10 Best Garden Crops for Beginners

Plan your first garden with these 10 easy crops that offer great cooking possibilities.


| December/January 2006


If you want to grow a garden next spring, it’s never too early to start planning. One of the best ways to “learn as you go” is to read the seed catalogs that many companies will send for free. One of our favorites, with lots of gardening advice and great color photos, is Johnny’s Selected Seeds.

If you’re a beginner, consider starting with the 10 crops discussed below. All are easy to grow, and this combination offers lots of possibilities for cooking. Some of these crops are best grown by setting out started seedlings, but most are easy to grow from a packet of seeds.

1. Radishes. Radishes do well even in not-so-great garden soil and are ready to harvest in only a few weeks. Plant the seeds in spring and fall.

2. Salad greens (lettuce, spinach, arugula and corn salad). Pick your favorite, or try a mix — many companies sell mixed packets for summer and winter gardening. Plant the seeds in spring and fall, and you can pick salads almost year-round.

3. Green beans. Easy to grow and prolific. If you get a big crop, they freeze well, and they’re also delicious when pickled as dilly beans. Start with seeds after all danger of frost has passed.

4. Onions. Start with small plants, and if they do well, you can harvest bulb onions. If not, you can always eat the greens.

Bryan
9/12/2013 6:17:15 AM

When creating a raised bed for your spring garden use woodblocx to do it. See the best alternative to railway sleepers at www.woodblocx.co.uk/railwaysleepers.php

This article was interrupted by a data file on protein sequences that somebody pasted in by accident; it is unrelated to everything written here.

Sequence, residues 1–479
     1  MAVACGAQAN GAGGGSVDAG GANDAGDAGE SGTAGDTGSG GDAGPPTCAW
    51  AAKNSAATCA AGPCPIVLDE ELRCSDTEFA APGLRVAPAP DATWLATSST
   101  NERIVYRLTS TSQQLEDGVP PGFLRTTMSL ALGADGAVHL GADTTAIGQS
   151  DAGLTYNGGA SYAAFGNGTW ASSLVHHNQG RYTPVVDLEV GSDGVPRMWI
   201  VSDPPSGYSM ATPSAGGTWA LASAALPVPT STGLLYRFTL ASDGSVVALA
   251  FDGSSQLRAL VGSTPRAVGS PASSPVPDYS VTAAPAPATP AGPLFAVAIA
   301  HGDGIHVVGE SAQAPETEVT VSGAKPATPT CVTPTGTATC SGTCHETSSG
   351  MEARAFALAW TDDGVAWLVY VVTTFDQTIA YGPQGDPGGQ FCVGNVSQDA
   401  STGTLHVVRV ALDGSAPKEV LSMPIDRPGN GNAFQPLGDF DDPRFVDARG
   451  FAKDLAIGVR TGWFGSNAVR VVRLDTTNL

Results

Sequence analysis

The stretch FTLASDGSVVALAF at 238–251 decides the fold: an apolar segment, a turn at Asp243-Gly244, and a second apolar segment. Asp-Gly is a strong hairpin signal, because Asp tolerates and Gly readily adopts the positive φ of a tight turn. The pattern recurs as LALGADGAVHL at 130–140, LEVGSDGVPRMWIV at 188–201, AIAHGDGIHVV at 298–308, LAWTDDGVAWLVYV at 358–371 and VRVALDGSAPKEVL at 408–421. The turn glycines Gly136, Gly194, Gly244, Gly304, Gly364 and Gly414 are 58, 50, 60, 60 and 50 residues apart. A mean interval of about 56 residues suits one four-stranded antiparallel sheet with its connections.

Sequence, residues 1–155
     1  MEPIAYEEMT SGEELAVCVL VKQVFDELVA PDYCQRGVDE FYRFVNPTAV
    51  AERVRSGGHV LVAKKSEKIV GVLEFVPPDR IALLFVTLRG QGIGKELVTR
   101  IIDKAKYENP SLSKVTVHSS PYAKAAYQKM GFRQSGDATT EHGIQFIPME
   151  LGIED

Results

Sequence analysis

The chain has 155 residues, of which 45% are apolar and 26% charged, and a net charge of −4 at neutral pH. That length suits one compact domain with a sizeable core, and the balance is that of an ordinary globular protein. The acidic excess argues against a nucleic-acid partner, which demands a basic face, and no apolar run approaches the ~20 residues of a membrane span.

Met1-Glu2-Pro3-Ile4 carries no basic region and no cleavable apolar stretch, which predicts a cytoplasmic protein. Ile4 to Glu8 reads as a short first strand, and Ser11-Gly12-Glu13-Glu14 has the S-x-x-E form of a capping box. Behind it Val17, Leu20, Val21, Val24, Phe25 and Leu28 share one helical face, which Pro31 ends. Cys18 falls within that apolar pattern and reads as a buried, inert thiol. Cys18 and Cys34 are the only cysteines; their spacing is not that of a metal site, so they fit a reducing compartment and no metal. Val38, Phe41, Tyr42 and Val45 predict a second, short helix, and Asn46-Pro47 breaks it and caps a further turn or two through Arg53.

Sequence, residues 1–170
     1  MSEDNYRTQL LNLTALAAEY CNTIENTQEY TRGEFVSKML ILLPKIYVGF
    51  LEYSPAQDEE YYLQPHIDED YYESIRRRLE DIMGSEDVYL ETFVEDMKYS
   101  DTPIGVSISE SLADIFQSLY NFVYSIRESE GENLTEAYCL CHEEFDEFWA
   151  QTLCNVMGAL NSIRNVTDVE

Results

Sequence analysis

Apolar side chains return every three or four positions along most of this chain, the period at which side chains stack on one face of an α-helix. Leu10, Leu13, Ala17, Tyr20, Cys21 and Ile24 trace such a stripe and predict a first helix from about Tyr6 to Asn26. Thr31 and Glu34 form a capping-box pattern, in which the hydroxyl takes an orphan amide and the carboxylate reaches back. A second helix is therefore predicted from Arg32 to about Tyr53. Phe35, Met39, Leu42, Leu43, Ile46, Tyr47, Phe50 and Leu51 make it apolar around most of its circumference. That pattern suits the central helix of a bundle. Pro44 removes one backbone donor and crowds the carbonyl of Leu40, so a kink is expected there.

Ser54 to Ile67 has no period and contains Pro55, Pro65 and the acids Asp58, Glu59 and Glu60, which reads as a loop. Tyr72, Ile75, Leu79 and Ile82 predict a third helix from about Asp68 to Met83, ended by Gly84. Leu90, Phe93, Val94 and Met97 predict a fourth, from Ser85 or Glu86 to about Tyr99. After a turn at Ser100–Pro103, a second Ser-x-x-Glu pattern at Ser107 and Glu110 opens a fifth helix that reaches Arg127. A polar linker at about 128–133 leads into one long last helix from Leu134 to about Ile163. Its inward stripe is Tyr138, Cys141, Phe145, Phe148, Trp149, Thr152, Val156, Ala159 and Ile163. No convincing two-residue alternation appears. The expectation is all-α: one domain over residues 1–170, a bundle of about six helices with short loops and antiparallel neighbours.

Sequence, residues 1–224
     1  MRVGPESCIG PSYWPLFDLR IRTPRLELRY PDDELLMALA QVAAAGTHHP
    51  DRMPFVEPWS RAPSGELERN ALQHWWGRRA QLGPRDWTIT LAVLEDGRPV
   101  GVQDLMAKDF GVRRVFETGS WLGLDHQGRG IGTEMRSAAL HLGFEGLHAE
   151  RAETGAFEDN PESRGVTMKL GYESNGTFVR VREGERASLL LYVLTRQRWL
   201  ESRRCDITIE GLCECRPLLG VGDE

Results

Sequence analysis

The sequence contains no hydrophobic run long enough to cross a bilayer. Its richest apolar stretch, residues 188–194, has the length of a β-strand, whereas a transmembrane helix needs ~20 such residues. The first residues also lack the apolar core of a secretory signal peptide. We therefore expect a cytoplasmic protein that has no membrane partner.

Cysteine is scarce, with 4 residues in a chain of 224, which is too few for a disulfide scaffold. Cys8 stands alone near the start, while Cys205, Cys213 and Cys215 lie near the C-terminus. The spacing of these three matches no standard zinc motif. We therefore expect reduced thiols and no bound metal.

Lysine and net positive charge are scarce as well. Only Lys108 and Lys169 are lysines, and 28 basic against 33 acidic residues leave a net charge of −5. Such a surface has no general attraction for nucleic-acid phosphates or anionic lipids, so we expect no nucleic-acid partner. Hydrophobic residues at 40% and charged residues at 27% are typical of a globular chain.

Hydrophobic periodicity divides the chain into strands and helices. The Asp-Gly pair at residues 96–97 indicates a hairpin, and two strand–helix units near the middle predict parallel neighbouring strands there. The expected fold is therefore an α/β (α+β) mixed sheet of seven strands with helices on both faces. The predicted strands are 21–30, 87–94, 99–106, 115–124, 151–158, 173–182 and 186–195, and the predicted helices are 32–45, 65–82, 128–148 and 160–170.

LUCI Dawson
4/10/2007 12:00:00 AM

For how to grow potatoes in straw, check out this recent post in the Whole Foods & Cooking section:http://www.motherearthliving.com/issues/motherearthliving/whole_foods/when-to-plant-potatoes_421-1.html


JENNIFER Steele
1/4/2007 12:00:00 AM

FJohnsonThis is a great way to grow potatoes. My small son and I did this a couple years ago, when I was pregnant and did not want to have to dig the potatoes. We put cages made of wire right on the ground, and dug a shallow hole in the ground under it to retain water(we did this in our hard-packed front yard). We put in the potatoes, straw, and a little manure. When harvest time came we just unhooked the wire and pushed over the pile. It was wonderfully easy. The only thing I will do differently next time is to get some root crop fertilizer. Plain manure really grows great tops. Ha Ha. Also, if it's windy you might have to put a sheet or something to keep them from drying out. I had no trouble at all covering them in severe cold weather, though. The wire cages are easy to pin plastic or old sheets to.Good Luck!






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